Rock Jaw Clarito Review

  • The Rock Jaw Clarito is available online for approximately Rs. 2,100
  • The sonic signature is bass-oriented, with a distinct V-shape
  • Gadgets 360 rates the headphones 3.5/5

Rock Jaw has come a long way since we reviewed the original Alfa Genus over a year ago. Although the company’s lineup has now grown a bit smaller and is headlined by the Alfa Genus V2, the company continues to ship good, affordable earphones all over the world.

The latest product in the range is also Rock Jaw’s most affordable pair of earphones yet, the Clarito. Despite its somewhat silly name, the Clarito promises to be a solid upgrade to the bundled in-ears that come with your smartphone. Priced at GBP24 (Approximately Rs. 2,100), these British-engineered earphones are on the review bench today. Find out how they perform in our review.


Design, specifications, and comfort
While the company’s earlier products were made of wood, the current range has switched to a more modern-looking and durable metal construction. Like the Alfa Genus V2, the Clarito is also built almost entirely of metal, with plastic featuring only in the stalks that connect the cables to the ear casings. The small size of each earphone keeps the headset light, and the overall design is simple and sophisticated. The back of each casing features the new Rock Jaw logo.

The 1.2m cable of the headset is rubber coated, which makes it durable and resistant to strain, but also extremely tangle-prone. There’s no microphone, but a shirt clip and soft carry-pouch have been included in the sales package, along with a handful of silicone ear tips. The Clarito is easy to wear and comfortable over long periods.

The Rock Jaw Clarito is powered by 8mm dynamic drivers, has an impedance of 16Ohms, a frequency response range of 20-20,000Hz, and a rather high sensitivity rating of 108dB. As a result, it’s incredibly loud at peak volume, which will appeal to a lot of users looking for a loud pair of earphones.


We tested the Rock Jaw Clarito with our reference Fiio X1 high-resolution audio player, as well as theiBasso DX80, a OnePlus 3 (Review), and a Windows laptop. Focus tracks for the review were Martin Solveig’s Intoxicated and Alt-J’s Taro.

Starting with Intoxicated, we were immediately treated to an intense bass-oriented sonic signature, which could be felt and heard right from the beginning of the track. It’s occasionally a bit too powerful and attacking, overpowering the mid-range but not the highs, in much the same way that any product with a V-shaped signature operates. The sound might seem a bit too aggressive at times, but bass-lovers will enjoy it for what it is.

With Taro, the sensitivity spike in the low-range can be heard even more distinctly, although vocals aren’t as weak as with Intoxicated. The detail in the track can be heard fairly well for headphones in this price range, and the soundstaging and imaging are about as good as we’ve heard as well. It’s also worth noting that the Clarito can get very loud without much distortion or loss of detail, and it’s helped along by its comfortable fit and noise isolating design.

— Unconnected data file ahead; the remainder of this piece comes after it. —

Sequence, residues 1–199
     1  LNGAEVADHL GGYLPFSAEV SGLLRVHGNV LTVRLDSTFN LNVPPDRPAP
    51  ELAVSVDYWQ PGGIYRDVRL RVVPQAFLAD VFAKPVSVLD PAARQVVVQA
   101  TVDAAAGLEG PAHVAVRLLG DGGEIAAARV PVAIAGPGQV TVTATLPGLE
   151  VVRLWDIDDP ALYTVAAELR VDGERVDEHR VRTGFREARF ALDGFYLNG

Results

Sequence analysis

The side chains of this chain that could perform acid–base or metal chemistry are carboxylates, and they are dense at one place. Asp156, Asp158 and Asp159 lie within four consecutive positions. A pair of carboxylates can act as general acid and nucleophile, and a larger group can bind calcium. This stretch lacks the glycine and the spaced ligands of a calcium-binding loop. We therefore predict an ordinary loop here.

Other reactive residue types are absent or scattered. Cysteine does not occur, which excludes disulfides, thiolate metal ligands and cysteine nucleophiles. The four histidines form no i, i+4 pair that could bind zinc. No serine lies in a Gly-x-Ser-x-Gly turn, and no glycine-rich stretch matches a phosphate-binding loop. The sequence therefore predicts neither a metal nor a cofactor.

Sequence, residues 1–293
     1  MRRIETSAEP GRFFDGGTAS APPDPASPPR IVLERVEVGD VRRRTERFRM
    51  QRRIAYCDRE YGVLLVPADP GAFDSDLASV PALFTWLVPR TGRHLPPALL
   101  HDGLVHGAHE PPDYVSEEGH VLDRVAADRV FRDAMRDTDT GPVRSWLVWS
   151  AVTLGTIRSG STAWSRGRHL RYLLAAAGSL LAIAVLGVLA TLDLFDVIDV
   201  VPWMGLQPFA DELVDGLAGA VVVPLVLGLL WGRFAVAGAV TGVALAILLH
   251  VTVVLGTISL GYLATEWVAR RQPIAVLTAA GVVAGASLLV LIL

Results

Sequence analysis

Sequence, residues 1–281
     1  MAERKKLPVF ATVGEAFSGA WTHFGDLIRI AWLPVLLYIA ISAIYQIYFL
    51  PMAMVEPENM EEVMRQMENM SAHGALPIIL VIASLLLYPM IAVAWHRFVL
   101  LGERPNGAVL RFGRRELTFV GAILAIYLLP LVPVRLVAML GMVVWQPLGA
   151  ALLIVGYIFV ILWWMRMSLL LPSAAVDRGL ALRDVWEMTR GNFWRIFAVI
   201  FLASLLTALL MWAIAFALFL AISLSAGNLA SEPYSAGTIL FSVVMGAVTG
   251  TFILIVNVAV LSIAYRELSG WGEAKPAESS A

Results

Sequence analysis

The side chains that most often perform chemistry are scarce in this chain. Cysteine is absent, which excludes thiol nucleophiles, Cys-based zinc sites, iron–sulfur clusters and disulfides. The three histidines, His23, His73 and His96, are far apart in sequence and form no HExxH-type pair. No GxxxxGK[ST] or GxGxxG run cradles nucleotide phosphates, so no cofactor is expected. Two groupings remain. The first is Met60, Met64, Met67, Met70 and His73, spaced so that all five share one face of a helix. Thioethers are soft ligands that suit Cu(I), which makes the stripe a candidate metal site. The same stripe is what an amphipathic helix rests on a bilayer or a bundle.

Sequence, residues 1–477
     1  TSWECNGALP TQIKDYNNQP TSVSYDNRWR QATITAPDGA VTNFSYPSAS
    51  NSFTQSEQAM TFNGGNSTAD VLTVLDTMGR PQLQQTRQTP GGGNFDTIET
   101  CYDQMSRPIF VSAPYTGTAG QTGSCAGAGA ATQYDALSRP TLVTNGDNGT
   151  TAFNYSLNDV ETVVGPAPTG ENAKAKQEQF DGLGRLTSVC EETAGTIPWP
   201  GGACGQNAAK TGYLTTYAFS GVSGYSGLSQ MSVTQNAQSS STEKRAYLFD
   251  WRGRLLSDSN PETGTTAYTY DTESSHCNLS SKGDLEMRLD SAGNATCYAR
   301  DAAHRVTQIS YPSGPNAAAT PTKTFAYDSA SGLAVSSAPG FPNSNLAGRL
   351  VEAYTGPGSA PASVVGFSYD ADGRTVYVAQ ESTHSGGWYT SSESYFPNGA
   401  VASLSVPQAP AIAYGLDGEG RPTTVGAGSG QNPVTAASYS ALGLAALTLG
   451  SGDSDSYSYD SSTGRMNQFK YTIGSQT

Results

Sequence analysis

Where most budget in-ears fail is in boosting volume. That’s where the Rock Jaw Clarito succeeds in a big way. It’s loud, bass-happy and exciting. While that sound can occasionally become a bit too much to handle, it’s still enjoyable to a certain extent.

The added bass doesn’t get too much in the way of the rest of the sound, and detail and soundstaging remain excellent for the price. Along with comfort, good looks and decent build quality, this makes the Rock Jaw Clarito an option worth considering if you’re looking for a good pair of earphones.

Price: GBP 24 (Roughly Rs. 2,100, not including import duty and taxes), available via Rock Jaw


  • Comfortable fit
  • Good looking and well-built
  • Extremely loud


  • The bass can occasionally be a bit too much
  • Tangle-prone cable

Ratings (Out of 5)

  • Design: 4
  • Performance: 3.5
  • Value for money: 3.5
  • Overall: 3.5

Source by gadgets.ndtv…

Brainwavz XFIT XF-200 Review: Excellent sound, in a feature-rich package, though difficult to wear

The oddly named company Brainwavz has come out with another pair of earphones designed especially for sports enthusiasts. Being not much of a fan of the design, I was keen to know how Brainwavz, in particular, handled it.

Build and Design: 7/10
The earphones are oddly shaped with an over-and-behind the ear design, aimed at sports enthusiasts who want their earphones to stay in place during vigorous activities. Due to the shape, these earphones are not for the casual user as these require more care during earphone insertion, more about this in “The curious case of missing Bass” in Performance section below.


The two variants available, the see-through white is a little weird